Popular RNAseq packages often use the formula notation in R. For example, the DESeq package uses it in the design parameter, whereas edgeR creates its design matrix by expanding a formula with “model.matrix”. The formula syntax seems to confuse many users of these libraries.
As an example of confusion, check this Biostars thread. It ended in a mini-fight between Kirill Grigorev and Devon Ryan.
Grigorev commented - “I find it pretty astonishing (but also symptomatic of the entire R universe) that the official DESeq2 tutorials neither bother to explain the nomenclature by themselves, or even provide pointers as to where one can read up on it.’Analyzing RNA-seq data with DESeq2’ mentions ANOVA exactly once, and quite a distance away from where they introduce designs. And when they talk about designs, they just sort of head into it without any asides. I understand that formulae like these are pretty standard for R, but with packages like these, you likely get a lot of non-programmer crowd, Python crowd etc, who have never seen this and would not know what they need to google to find out…”,
whereas Ryan argued - “I’d be astonished if a specialized package like DESeq2 bothered to explain standard statistics nomenclature, it’s sort of assumed that if you’re going to be using a package for statistical analysis that you’ll have a basic background in statistics. I find that assumption entirely fair.”.
Irrespective of which side you agree with, there is no doubt you need to understand the formula syntax to use the RNAseq packages. So let us get started.
One of the top hits google gave me for “R formula” was a website from US National Parks (nps.gov). That surprised me, because park rangers were the last people I expected to chit-chat about R formula notations. It was even more puzzling, when the page turned out to be irrelevant. Why did google algorithm place an unrelated page among the top hits?
Among the relevant links -
The easiest reference to get started is this tutorial from datacamp. It is a bit long, but is definitely worth the time.
If you are looking for something quick and short, check this pdf tutorial from the university of Chicago. Especially pay attention to the table and equations on the second page.
Finally, in the context of RNAseq, this biostar discussion is possibly the most useful. Make sure you read the previous two links before, or otherwise you will get confused.
[Edit. 12/12] Mike Love, the first author of DESeq2, pointed out in twitter that the original syntax came from a 1973 paper by Wilkinson and Rogers titled “Symbolic Description of Factorial Models for Analysis of Variance”. He mentioned that the DESeq vignette had diagrams on interpreting interactions and many design examples in “?results”. Finally, their edX course on linear models is another good place to check.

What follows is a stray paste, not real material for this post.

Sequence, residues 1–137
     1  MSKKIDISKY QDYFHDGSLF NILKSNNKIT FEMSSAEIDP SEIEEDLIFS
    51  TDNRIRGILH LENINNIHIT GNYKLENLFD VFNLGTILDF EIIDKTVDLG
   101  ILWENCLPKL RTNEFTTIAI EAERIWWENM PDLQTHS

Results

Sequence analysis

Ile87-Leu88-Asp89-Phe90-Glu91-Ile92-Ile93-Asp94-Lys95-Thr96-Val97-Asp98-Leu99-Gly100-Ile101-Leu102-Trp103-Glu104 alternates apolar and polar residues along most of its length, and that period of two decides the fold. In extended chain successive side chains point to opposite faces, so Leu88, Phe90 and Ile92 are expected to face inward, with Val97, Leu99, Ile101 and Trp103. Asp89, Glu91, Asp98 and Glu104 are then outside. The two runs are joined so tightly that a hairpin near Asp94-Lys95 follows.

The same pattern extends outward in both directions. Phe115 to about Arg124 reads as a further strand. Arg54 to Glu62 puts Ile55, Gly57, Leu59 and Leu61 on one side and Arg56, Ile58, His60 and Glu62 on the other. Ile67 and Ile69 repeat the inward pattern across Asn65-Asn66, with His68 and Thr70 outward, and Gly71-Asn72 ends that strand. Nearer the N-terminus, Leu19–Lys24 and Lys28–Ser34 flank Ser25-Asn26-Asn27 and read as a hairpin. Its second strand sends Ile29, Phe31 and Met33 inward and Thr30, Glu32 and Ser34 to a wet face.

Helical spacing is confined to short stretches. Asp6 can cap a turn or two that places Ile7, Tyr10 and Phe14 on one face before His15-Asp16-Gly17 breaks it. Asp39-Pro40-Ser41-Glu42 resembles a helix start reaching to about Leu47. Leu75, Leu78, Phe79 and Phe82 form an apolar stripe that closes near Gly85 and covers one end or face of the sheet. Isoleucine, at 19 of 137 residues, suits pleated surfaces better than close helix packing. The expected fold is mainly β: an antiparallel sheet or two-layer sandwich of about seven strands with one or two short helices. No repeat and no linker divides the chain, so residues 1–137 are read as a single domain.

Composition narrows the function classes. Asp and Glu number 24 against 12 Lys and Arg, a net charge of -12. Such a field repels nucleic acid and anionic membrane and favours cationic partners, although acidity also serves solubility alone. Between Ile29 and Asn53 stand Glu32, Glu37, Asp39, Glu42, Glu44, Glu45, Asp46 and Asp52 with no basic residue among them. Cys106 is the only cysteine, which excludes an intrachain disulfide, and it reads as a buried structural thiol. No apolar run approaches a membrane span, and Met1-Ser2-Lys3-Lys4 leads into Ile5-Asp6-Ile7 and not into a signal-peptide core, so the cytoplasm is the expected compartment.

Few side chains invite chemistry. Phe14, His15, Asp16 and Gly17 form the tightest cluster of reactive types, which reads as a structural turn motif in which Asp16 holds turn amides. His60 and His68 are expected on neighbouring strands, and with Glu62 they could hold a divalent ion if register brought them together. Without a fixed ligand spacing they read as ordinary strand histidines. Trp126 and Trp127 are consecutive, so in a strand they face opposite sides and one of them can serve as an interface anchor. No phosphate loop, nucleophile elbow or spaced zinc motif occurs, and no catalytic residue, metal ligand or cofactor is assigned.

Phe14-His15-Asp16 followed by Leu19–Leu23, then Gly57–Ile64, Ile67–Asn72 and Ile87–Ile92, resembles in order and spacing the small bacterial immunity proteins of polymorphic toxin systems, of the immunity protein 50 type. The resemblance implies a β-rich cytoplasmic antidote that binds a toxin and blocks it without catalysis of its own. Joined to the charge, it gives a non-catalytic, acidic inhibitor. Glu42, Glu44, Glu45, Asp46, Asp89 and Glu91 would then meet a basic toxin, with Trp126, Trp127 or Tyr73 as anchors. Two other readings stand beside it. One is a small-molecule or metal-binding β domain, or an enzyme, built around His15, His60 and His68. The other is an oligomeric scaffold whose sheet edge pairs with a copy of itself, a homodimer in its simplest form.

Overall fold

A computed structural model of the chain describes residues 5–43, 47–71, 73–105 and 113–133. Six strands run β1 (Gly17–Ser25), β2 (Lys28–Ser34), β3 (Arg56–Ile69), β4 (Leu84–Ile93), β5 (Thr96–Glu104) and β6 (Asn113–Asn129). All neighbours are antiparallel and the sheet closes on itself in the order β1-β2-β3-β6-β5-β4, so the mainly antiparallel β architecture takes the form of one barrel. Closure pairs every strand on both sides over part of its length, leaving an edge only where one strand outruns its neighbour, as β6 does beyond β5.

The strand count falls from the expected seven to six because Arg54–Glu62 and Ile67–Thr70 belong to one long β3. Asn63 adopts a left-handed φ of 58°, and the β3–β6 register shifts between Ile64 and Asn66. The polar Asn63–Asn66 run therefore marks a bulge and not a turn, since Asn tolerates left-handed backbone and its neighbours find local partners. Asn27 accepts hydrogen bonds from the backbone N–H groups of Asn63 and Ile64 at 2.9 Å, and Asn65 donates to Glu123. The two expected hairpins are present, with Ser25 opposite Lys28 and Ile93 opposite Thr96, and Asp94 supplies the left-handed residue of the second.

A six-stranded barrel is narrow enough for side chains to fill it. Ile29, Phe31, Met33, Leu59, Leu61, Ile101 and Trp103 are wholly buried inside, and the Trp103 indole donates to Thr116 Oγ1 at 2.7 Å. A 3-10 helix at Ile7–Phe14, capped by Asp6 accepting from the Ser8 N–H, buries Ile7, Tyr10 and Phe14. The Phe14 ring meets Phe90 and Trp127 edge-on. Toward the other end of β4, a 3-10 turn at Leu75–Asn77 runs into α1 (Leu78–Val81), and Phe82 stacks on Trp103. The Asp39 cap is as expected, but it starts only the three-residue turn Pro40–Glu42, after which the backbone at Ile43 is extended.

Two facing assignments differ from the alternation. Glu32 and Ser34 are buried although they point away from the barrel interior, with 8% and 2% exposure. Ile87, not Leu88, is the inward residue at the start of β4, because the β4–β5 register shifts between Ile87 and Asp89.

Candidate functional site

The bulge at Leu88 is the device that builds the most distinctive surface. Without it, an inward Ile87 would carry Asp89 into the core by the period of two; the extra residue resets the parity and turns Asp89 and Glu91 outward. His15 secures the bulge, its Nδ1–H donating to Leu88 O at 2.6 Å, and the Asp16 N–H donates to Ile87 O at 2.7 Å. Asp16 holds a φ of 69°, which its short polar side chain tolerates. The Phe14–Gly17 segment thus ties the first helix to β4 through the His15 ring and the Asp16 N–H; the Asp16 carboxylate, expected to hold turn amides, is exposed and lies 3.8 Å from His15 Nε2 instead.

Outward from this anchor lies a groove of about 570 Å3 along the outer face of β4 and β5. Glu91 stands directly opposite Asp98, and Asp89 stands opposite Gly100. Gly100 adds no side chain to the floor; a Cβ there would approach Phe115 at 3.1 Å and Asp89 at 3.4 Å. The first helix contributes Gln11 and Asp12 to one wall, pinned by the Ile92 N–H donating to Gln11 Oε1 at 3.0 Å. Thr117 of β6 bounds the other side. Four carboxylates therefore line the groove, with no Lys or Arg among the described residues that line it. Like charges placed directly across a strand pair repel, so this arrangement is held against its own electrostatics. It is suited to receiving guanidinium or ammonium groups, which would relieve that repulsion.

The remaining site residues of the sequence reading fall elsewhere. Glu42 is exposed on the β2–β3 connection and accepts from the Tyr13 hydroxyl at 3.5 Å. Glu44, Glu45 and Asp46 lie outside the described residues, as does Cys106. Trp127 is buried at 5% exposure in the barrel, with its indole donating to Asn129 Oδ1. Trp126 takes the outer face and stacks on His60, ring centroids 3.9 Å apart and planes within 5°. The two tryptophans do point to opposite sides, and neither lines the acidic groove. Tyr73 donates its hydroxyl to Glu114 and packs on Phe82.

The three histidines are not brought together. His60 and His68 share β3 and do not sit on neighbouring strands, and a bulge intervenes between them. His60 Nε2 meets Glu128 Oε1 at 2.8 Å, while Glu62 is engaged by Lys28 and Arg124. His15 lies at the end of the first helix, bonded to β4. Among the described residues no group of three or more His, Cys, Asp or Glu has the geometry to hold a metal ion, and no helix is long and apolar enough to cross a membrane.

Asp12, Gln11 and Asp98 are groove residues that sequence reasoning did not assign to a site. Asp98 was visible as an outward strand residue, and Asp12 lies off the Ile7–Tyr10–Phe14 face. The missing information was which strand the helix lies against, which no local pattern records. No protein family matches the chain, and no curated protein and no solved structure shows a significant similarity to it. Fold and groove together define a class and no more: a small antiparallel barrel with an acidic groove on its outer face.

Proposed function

We will take bits and pieces from the above links to write down a number of relevant points.
The simplest type of formula you will come across in the context of RNAseq is of the form (“~condition”), where “condition” is defined by another data frame. That data frame may label some samples as condition type “A” and others as condition type “B” (e.g. treatment and control). Subsequently, the design formula tells the RNAseq analysis program to compare between samples “A” versus “B”. This is useful, when you want to compare your samples in several different ways. Include multiple columns in your model data frame, and then run the statistical analysis by changing the design formula from one to another.
|In more interesting cases, you will see the symbols “+”, “-“, “*”, “:” and “||” in the formula. Those symbols have special meanings.|
We will start with the “+” symbol, which you are expected to often encounter in the context of linear modeling. A formula “~ X+Y” means there are two independent variables X and Y, and fit model by considering them both. In case of linear regression with “~ X+Y”, R is expected to fit a linear model of the form “a_0 + a_1 X + a_2 Y”. The parameters “a_0”, “a_1” and “a_2” are determined from the data.
Sometimes the formula includes a constant term. For example, the tutorial for Sleuth RNAseq package uses “~1”. Using only a constant term in the formula means find only the intercept. If you say “~ 0+X”, you are asking R to fit a linear regression that has no intercept.
Using the “-“ symbol is another way to remove something from the formula. For exmple, you can use “~ X-1” to tell R that there is no intercept, and it will be equivalent to “~ 0+X”. In both cases, R will fit the model “a_1 X”, whereas formula “~X” will make R fit the model “a_0 + a_1 X”.
The symbols “:”, “^” and “” are used to include higher order terms. For example, “~X+Y+X:Y” asks R to fit the linear model - “a_0 + a_1 X + a_2 Y + a_3 X Y”. The same relation can be written in multiple ways using the symbols “:”, “^” and “”. Those are convenient especially when you have multiple terms and multiple orders of interaction.
Finally, if you like to find out what linear model will be fit by a complicated formula, use the “model.matrix” and “model_matrix” functions. You can practice on the mtcars or iris data sets by using the examples given here.
In other news, we developed remotely taught online classes for researchers in biology without a lot of experience in R. Our upcoming January class covers RNAseq data analysis. We also have a free module on R to help the absolute beginners get started.